This roundup covers news summaries across six regions: Africa, the Asia-Pacific, Europe, the Middle East, North America, and South America. Wherever possible I draw links to Singapore, but I think it is more important to understand geopolitical developments around the world, to draw attention to meaningful news stories, and to highlight both positive and negative events.
Around the world, I rely primarily on the email newsletters from “The Economist“, “Foreign Policy“, “Muck Rack“, “The New York Times“, “The Wall Street Journal“, and “The World Post“. In Singapore, the weekly digests from the European Union Centre and the Middle East Institute are handy. Do send me recommendations of news outlets or articles too, to jinyao.guan.yin.miao[a]gmail.com!
January 14 to 19, 2019
The Brexit deal offered by Prime Minister of the United Kingdom (UK) Theresa May was defeated by a vote of 432 to 202. The majority of 230 against the prime minister is the biggest government defeat since 1924. Later, by a vote of 325 to 306, the prime minister survived a confidence vote in parliament. In the aftermath, four options are now likely: First, a new deal with the European Union; second, a no-deal Brexit on March 29, 2019; third, postponement of the Brexit date; and fourth, a second referendum within the UK. “The Economist” argues for the fourth option: “The give and take that Brexit requires mean that no form of exit will resemble the prospectus the public were recklessly sold in 2016“. “The New York Times“, however, lays out five big risks for a second referendum.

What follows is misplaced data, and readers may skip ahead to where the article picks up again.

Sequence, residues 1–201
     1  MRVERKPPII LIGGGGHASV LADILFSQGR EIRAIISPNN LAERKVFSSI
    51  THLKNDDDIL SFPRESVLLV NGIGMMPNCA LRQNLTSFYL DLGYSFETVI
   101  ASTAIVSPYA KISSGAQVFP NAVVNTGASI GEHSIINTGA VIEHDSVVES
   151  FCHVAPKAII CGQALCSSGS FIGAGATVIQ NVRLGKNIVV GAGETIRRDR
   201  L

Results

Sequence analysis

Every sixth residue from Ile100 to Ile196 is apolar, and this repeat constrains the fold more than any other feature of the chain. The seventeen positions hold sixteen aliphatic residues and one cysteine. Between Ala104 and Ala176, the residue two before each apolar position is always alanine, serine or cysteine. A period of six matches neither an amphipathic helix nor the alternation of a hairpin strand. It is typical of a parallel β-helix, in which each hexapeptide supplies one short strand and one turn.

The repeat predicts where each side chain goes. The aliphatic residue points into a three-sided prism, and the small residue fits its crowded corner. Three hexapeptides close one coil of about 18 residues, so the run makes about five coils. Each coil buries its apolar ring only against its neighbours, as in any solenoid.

- In Burkina Faso, a Canadian geologist kidnapped by suspected Muslim militants was found dead.
- Opposition candidate Felix Tshisekedi won the presidential election in DR Congo, yet an analysis by the “Financial Times” has found that businessman Martin Fayulu is instead the clear winner.
- Somali Islamists Al-Shabaab claimed responsibility for an attack on a hotel and office complex in Nairobi, Kenya, killing at least seven people. The number is expected to rise. The group has been responsible for previous attacks.
- Nigeria is set to be the world’s second-largest importer of rice in 2019, but its government announced its intention to halt rice imports to save money. Heavy investment in rice farmers, however, appears to be a better policy.
- Approximately 100,000 people were killed from 1986 to 2006 through a conflict between the Ugandan government forces and the rebels of the Lord’s Resistance Army. Understanding the experiences of young people is especially critical.
- Violent protests over steep fuel price hikes in Zimbabwe left at least three people dead. President Emmerson Mnangagwa has been accused of not living up to his pre-election pledges, and was an official visit to Moscow, Russia during the protests. In its wake, in an apparent shutdown, Zimbabweans said they were not able to access social media.
- Having landed a lunar probe on the far side of the moon – the world’s first expedition to the region – China reported that seeds the probe was carrying have sprouted. It is “the first instance of biological matter growing on the moon“.
- In clashes in the Rakhine state in a bid “to contain a new insurgency“, Myanmar’s army killed 13 rebel fighters.
- Ahead of European elections in May, President of France Emmanuel Macron and president of the far-right National Rally political party Marine Le Pen – whose approval rating trumps that of Mr. Macron’s party – are reaching out to the yellow vest movement.